Flying over the earth in the upper stratus of the atmosphere is most often a beautiful experience.
The minutia of life and all the daily demands that comes with living seem far away and more easily forgotten. The flight provides perspective that drowns out the endless lists, details, frantic pace and perpetual reminders that life is sometimes joyful, but always very challenging. High in the atmosphere, one can experience the freedom of flight and the beauty of the clouds, the wind, the sunlight and all the dramatic angles of being less caught up in the friction and weight of terra firma.
But, as the plane descends through the atmosphere we begin to experience other aspects of our journey. Sometimes we run into weather that is less than conducive for smooth flight. Air pockets may bang us around a little (or a lot). Or we descend through clouds that can create fear and cause us to wonder if we’re in the right place or getting dangerously close to obstacles, or even the ground. Eventually we break through the clouds to find ourselves overwhelmed by the terrain and the multiplicity of increasing detail. We may see a stand of trees, a range of mountains, or buildings that must be avoided. We know the pilot is thinking of air speed, distance, flap position, and alignment as we make our final approach. All of this can be disconcerting and, at times, overwhelming. All considered, this can be a good picture of how life feels.
When I find myself in this setting, I can sometimes feel anxious. It all seems so much at one time and I often feel like I am flying with the disadvantage of malfunctioning equipment. This can be a change in my life, like a career move. Or it can be dysfunctional communication in the family, or tension between friends, or as broad as an uncertain financial future. Or it can be as intimidating as an abusive spouse or a major physical ailment, or an out of control anger. And once again, we become overtaken by the reality of the broken world in which we all live.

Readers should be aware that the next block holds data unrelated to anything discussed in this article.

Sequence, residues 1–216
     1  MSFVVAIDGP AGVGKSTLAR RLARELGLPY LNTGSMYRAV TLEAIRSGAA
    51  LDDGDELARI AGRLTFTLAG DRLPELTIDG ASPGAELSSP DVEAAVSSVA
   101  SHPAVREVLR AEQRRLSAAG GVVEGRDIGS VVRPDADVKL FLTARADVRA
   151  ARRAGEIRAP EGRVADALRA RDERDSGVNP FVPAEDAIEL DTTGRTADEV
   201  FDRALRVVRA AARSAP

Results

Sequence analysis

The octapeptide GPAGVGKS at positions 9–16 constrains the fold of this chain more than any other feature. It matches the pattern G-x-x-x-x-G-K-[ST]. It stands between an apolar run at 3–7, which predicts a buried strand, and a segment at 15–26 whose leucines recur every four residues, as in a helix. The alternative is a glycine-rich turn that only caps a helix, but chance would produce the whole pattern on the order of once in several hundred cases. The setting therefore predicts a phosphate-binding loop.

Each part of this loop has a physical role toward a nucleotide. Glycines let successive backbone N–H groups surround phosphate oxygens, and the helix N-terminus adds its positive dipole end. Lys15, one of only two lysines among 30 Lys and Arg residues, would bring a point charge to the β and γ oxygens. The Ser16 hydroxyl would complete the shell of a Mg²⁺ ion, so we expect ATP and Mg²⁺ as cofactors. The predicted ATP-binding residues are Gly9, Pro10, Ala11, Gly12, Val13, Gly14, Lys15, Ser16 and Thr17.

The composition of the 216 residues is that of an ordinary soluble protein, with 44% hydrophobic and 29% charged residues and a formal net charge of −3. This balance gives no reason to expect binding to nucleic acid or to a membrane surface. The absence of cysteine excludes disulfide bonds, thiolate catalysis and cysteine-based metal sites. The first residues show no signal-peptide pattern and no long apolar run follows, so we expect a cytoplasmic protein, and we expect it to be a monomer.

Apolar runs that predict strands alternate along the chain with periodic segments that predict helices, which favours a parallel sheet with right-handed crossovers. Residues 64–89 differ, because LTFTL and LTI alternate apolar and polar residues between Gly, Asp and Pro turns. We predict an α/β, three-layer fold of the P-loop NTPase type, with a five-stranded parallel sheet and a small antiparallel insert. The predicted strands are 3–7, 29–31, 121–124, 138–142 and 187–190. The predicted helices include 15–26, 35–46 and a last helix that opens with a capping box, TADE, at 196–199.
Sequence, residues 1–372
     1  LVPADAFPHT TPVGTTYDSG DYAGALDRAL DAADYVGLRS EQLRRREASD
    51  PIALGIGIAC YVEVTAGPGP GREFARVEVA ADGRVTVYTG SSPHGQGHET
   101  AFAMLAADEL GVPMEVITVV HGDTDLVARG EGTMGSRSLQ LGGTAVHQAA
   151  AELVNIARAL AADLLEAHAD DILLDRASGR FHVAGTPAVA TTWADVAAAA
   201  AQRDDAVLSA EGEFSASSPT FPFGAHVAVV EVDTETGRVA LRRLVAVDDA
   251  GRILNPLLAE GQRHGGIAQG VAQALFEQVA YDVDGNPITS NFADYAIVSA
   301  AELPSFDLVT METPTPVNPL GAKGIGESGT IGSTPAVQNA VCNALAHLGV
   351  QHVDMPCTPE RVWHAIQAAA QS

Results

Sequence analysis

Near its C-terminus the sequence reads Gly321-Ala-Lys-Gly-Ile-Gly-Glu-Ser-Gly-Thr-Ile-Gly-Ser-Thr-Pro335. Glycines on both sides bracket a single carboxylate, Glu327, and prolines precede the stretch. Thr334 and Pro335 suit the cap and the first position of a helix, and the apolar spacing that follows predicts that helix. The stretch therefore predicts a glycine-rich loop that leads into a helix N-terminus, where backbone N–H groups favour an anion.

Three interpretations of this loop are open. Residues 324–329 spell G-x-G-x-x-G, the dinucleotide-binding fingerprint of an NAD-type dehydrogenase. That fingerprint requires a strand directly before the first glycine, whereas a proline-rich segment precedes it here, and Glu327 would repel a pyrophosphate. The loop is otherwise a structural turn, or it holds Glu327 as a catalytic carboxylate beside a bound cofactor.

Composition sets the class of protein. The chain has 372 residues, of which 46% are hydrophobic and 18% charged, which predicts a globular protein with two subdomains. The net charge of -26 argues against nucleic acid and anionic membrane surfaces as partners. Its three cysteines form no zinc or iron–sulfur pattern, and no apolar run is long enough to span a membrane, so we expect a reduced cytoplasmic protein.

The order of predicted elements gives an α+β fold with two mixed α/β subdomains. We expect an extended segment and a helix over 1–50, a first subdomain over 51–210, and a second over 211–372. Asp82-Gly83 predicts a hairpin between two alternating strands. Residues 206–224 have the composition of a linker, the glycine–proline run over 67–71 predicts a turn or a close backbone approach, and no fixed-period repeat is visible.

I have a friend who was scheduled to be in a close friends wedding, but because he had to fly to the wedding he decided at the last minute not to go. Flying frightened him too much. I know of a woman who hasn’t taken a vacation with her husband in years, because unless it’s driving distance she won’t go. She, too, is afraid of flying. And there are many people who don’t like change because it’s too unpredictable. It causes great angst in their hearts to not be in control of their environment. And so they never do anything except what they can “control.” And they remain enslaved to those fears.
The question begs, how do we live successfully without being overtaken by all the pressures of life, the unpredictable issues, or by the inevitable changes that come with living?
It takes several things to successfully navigate all the intricacies and challenges of life. Let me offer a few things that have helped me.
- God’s word. I find it impossible to keep my nose above water without the healthy dose of perspective offered only in God’s word. Life looses it’s context outside of a childlike faith in God. Unless we are able to see the big picture of how God has made us and for what he has made us it becomes more than challenging to keep your boat from taking on water.
- God’s family. God’s means of maintaining vibrancy and living a life of discipleship is the context of the body of Christ. In the past I have had people share some difficult things with me about how I was behaving, thinking or speaking an it was these friends or others who love me that shared those sometimes ugly realities. I didn’t care for it at the time, but I came to deeply value the love in which it was delivered to me. I’m a different person as the result of those moments.
- God’s context. When we come to Christ we move from the kingdom of darkness to the kingdom of light. This is so significant because we’re now in the most remarkable relationship ever. We have been adopted by the God of the universe who is sovereign, loving and merciful. He is more committed to our growth and holiness than we could ever be (in fact, we can sometimes be resistant to growth). This begins the process that Scripture calls sanctification. This is the process of how God conforms us into his image, and sometimes it’s painful. But always it’s for our good and for God’s glory. I have found that understanding this amazing process helps me as I take walk through the incredible journey called life.
As you venture through the valley of the shadow of death don’t forget that the King of Kings promises to walk with you. That may sound hyper spiritual or out of context to your 21st century world, but resist the temptation to dismiss it and lean too heavily on your own resources. Just because I don’t see God work in the way I prefer him to work does not at all mean that he is not at work. He takes very good care of his children. Lean upon him like you would a caring father. Believe what he says in his word. Share your struggle with trusted believing friends. And understand that we can trust this great God even when we don’t understand him. He has never failed and he never will.
“Even though I walk through the valley of the shadow of death, I will fear no evil, for you are with me; your rod and your staff, they comfort me.” Psalm 23:4.